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IDE for Java?

P: n/a
I downloaded the Sun product, and find it feature rich but slow. Can someone
recommend a more basic (freeware) IDE which will help a newbie without
hiding every bit of code? I can program my way out of a wet paper bag in a
few languages, but want to by-pass some of the learning curve for this
project.
Mar 13 '06 #1
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20 Replies


P: n/a
"Bill DeWitt" <bi*********@comsat.gov> wrote in message
news:Fo******************************@adelphia.com ...
I downloaded the Sun product, and find it feature rich but slow. Can
someone
recommend a more basic (freeware) IDE which will help a newbie without
hiding every bit of code? I can program my way out of a wet paper bag in a
few languages, but want to by-pass some of the learning curve for this
project.


You could try a programmer-oriented text editor (e.g. TextPad, JEdit,
etc.)

http://www.textpad.com/
http://www.jedit.org/

- Oliver

Mar 13 '06 #2

P: n/a
Bill DeWitt wrote:
I downloaded the Sun product, and find it feature rich but slow. Can someone
recommend a more basic (freeware) IDE which will help a newbie without
hiding every bit of code? I can program my way out of a wet paper bag in a
few languages, but want to by-pass some of the learning curve for this
project.

One step above a programmer-oriented text editor, without a lot of
learning curve for the IDE, would be either of these two:

jGRASP http://www.jgrasp.org
BlueJ http://www.bluej.org

Both are used in a learning environment of H.S.and Colleges It has just
been announced that Sun and NetBeans will offer a new IDE, based on
BlueJ, in the near future. This is so students can graduate, so to
speak, and ease into a professional IDE after using BlueJ.

Thanks in Advance...
IchBin, Pocono Lake, Pa, USA
http://weconsultants.servebeer.com/JHackerAppManager
__________________________________________________ ________________________

'If there is one, Knowledge is the "Fountain of Youth"'
-William E. Taylor, Regular Guy (1952-)
Mar 13 '06 #3

P: n/a
IchBin wrote:
Bill DeWitt wrote:
I downloaded the Sun product, and find it feature rich but slow. Can
someone
recommend a more basic (freeware) IDE which will help a newbie without
hiding every bit of code? I can program my way out of a wet paper bag
in a
few languages, but want to by-pass some of the learning curve for this
project.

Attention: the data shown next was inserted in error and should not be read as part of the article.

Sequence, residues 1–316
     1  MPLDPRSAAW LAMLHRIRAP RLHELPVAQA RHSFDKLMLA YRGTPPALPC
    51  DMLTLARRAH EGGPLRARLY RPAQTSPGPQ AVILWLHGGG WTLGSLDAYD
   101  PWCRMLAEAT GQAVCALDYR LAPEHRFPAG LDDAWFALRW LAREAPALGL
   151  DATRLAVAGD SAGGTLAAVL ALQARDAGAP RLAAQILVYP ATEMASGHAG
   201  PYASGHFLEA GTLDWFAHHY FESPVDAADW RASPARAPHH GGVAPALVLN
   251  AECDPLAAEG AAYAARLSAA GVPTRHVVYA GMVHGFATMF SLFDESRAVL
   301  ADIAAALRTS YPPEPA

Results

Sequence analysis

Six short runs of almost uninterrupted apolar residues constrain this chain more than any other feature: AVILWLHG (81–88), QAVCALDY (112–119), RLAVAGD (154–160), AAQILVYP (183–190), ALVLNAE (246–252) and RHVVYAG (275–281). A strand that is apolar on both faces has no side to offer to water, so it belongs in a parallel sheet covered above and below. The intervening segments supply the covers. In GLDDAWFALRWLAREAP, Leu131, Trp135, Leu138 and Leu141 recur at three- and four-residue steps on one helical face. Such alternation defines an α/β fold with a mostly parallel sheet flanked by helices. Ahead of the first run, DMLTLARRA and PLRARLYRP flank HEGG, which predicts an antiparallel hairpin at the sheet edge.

Try JCreatorLE (http://www.jcreator.com).
It's a good one.
- Luke
Mar 20 '06 #4

P: n/a
Also try "Dr Java" at http://drjava.org/

J Pearson
"Luke H" <li***@paradise.net.nz> wrote in message
news:44********@news.orcon.net.nz...
IchBin wrote:
Bill DeWitt wrote:
I downloaded the Sun product, and find it feature rich but slow. Can
someone
recommend a more basic (freeware) IDE which will help a newbie without
hiding every bit of code? I can program my way out of a wet paper bag
in a
few languages, but want to by-pass some of the learning curve for this
project.


Try JCreatorLE (http://www.jcreator.com).
It's a good one.
- Luke

Mar 22 '06 #5

P: n/a
I recommend Eclipse strongly!

--
Kenvi Luo

21CN.COM 技术总部 BOSS项目组

地址:广州市体育东路六运五街52号2楼

电话:+86-20- 手机:+86

邮编:510620

E-mail:lj*@21cncorp.com

MSN:Au******@yahoo.com.cn
"Bill DeWitt" <bi*********@comsat.gov> 写入消息新闻:Fo******************************@adel phia.com...
I downloaded the Sun product, and find it feature rich but slow. Can
someone
recommend a more basic (freeware) IDE which will help a newbie without
hiding every bit of code? I can program my way out of a wet paper bag in a
few languages, but want to by-pass some of the learning curve for this
project.

Mar 22 '06 #6

P: n/a
Kenvi Luo wrote:
I recommend Eclipse strongly!


Yeah, except his problem was with the slowness of NetBeans; Eclipse may
be a bit snappier because it uses SWT rather than Swing, but probably is
still too slow for his machine. Besides, it's got an even steeper
learning curve.
Mar 26 '06 #7

P: n/a
BWill wrote:
Kenvi Luo wrote:
I recommend Eclipse strongly!


Yeah, except his problem was with the slowness of NetBeans; Eclipse may